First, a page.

WORKPLACE retirement accounts can be confusing and intimidating. Often, human resources departments serve as the contact point for employees, yet HR folks rarely know much about the nuances of a plan’s investment options—and, in any case, they aren’t legally allowed to offer advice.
Not sure how to handle your 401(k) or similar employer-sponsored plan? My first step was determining how much to contribute per pay period, so that I could hit the $18,000 annual limit. To do this, my wife (who works in a school and automatically contributes 11% to a pension) and I made sure that we could afford our other expenses, without counting on this money. I believe retirement should be the top priority for most people—more important than a new car or even the children’s college tuition.
Next, I ensured that I collected the full match that my employer offered. I learned that if I contributed too much early in the year and hit $18,000 in October, I’d lose out on the match in November and December. Check with your 401(k) plan to see how they determine matching payments and what you need to contribute each pay period to get the entire year’s full match.
My plan offers both a traditional 401(k) and a Roth 401(k). I decided to split my contributions between the two as a hedge against uncertain future taxes. The deduction from the traditional 401(k) reduces my current taxable income, which is great, while the Roth builds an account that I can tap into during retirement without paying taxes. If I leave my company, I’ll need to roll each one into a separate account to keep them distinct.
Once I made all of the technical decisions, I was ready to invest. When I initially joined my company and looked at the funds, I sorted the 25 available and noticed they all had fees of at least 1%, except for Vanguard Group’s S&P 500 index fund, which was far cheaper, since it’s passively managed. I put all of my contributions into this one fund and figured I would use my personal accounts to invest in other market sectors. But I also gave feedback during an HR survey, requesting more options.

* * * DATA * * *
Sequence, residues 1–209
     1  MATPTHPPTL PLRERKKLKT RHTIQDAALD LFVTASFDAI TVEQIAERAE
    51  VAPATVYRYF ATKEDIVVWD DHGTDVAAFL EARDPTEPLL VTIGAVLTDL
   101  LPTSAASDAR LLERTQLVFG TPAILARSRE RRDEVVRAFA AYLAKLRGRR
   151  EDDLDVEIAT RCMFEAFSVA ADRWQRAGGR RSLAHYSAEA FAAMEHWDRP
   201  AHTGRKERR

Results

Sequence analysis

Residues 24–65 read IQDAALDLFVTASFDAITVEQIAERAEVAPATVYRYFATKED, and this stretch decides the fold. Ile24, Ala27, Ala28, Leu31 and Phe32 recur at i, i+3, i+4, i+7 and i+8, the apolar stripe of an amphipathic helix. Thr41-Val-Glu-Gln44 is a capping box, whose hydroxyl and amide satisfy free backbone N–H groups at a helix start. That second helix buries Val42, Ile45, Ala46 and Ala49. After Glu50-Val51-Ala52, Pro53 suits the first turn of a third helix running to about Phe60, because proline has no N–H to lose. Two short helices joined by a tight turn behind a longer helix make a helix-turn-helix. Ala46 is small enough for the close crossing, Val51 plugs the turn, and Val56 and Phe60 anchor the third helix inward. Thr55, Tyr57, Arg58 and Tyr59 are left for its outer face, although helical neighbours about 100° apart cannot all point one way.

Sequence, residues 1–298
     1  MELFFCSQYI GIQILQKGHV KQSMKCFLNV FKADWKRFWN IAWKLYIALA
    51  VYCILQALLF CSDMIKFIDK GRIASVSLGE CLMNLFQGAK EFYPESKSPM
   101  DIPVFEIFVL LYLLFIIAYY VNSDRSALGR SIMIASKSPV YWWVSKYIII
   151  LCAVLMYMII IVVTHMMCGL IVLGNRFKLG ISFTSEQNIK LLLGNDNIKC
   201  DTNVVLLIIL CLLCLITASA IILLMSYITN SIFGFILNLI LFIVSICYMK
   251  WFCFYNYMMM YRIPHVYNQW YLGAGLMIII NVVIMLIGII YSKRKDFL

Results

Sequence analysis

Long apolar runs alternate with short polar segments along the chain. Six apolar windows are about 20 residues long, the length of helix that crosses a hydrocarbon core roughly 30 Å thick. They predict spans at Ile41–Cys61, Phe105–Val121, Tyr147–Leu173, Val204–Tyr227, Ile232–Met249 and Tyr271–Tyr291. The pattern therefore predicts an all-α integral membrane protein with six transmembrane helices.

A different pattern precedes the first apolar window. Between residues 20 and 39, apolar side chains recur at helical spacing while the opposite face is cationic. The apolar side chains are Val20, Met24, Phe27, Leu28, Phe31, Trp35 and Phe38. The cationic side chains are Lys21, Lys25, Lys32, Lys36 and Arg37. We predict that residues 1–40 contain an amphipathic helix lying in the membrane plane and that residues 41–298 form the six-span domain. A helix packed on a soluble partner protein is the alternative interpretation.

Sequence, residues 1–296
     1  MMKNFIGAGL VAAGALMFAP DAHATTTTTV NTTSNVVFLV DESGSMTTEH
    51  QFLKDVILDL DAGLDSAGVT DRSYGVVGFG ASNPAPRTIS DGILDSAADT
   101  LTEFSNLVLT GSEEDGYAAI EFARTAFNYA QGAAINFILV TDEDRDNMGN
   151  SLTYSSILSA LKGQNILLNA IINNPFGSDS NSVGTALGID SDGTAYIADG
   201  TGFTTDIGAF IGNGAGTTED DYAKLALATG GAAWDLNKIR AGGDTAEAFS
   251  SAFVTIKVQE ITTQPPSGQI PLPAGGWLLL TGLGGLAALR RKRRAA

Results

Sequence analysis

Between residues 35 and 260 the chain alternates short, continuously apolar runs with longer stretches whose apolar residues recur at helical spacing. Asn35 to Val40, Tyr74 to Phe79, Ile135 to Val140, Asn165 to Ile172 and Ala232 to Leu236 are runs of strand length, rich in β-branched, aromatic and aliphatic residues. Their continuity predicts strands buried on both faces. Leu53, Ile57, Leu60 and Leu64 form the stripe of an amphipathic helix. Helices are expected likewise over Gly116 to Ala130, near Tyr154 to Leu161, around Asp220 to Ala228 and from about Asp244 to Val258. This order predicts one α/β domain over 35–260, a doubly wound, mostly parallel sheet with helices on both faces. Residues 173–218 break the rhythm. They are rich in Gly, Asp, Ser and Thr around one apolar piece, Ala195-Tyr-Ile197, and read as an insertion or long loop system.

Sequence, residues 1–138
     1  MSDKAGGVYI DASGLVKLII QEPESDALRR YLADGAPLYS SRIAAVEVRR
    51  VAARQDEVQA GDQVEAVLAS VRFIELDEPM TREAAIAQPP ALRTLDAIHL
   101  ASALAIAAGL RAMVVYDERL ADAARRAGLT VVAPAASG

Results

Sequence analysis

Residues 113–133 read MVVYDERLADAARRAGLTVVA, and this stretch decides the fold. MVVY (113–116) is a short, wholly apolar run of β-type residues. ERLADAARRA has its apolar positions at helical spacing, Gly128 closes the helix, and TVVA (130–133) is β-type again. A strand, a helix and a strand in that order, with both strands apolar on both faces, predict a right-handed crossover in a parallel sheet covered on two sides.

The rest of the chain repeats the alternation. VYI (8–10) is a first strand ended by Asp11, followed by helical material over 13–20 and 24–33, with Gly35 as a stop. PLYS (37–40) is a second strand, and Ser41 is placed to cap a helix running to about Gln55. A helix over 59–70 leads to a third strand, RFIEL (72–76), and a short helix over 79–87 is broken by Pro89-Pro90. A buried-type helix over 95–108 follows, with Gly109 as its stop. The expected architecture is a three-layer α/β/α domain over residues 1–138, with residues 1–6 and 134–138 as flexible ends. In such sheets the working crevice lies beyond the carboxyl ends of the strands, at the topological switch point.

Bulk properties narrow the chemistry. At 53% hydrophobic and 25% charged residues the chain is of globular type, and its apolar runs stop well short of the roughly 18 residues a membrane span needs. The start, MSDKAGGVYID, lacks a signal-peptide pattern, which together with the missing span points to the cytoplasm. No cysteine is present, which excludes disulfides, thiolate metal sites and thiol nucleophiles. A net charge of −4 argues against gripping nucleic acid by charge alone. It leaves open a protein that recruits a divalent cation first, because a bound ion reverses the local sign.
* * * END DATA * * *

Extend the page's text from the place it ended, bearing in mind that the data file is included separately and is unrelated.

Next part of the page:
I don’t know whether my feedback had any impact or whether it was an already scheduled plan change, but three months later I noticed that five more Vanguard index funds were introduced, all with lower expenses than the other available choices. I reallocated my future contributions to match my overall philosophy. I split the majority of my money between the S&P 500 and an international index fund, with another 5% to 10% each in Vanguard’s small-cap, mid-cap and emerging markets index funds.
Zach Blattner’s previous articles include Not So Fast and Growing Up (II). Zach lives in Cambridge, Massachusetts, and is a former teacher and school leader who now teaches English teachers as a faculty member at Relay GSE. He is a self-taught finance nerd who dispenses advice to his wife, friends, family and anyone else willing to listen. Follow Zach on Twitter @Mr_Blattnerz.